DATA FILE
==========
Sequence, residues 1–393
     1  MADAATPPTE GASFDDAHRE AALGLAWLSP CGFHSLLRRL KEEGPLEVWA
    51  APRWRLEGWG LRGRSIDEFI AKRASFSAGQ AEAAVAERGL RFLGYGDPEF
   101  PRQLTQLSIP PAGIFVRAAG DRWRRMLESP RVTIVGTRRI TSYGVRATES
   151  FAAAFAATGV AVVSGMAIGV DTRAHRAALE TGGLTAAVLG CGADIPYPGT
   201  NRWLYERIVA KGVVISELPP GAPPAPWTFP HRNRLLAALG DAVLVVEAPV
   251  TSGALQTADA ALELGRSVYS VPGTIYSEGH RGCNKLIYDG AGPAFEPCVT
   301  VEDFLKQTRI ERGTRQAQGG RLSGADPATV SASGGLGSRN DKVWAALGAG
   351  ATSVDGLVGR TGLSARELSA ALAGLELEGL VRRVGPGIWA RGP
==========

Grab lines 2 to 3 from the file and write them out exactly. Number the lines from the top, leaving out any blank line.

     1  MADAATPPTE GASFDDAHRE AALGLAWLSP CGFHSLLRRL KEEGPLEVWA
    51  APRWRLEGWG LRGRSIDEFI AKRASFSAGQ AEAAVAERGL RFLGYGDPEF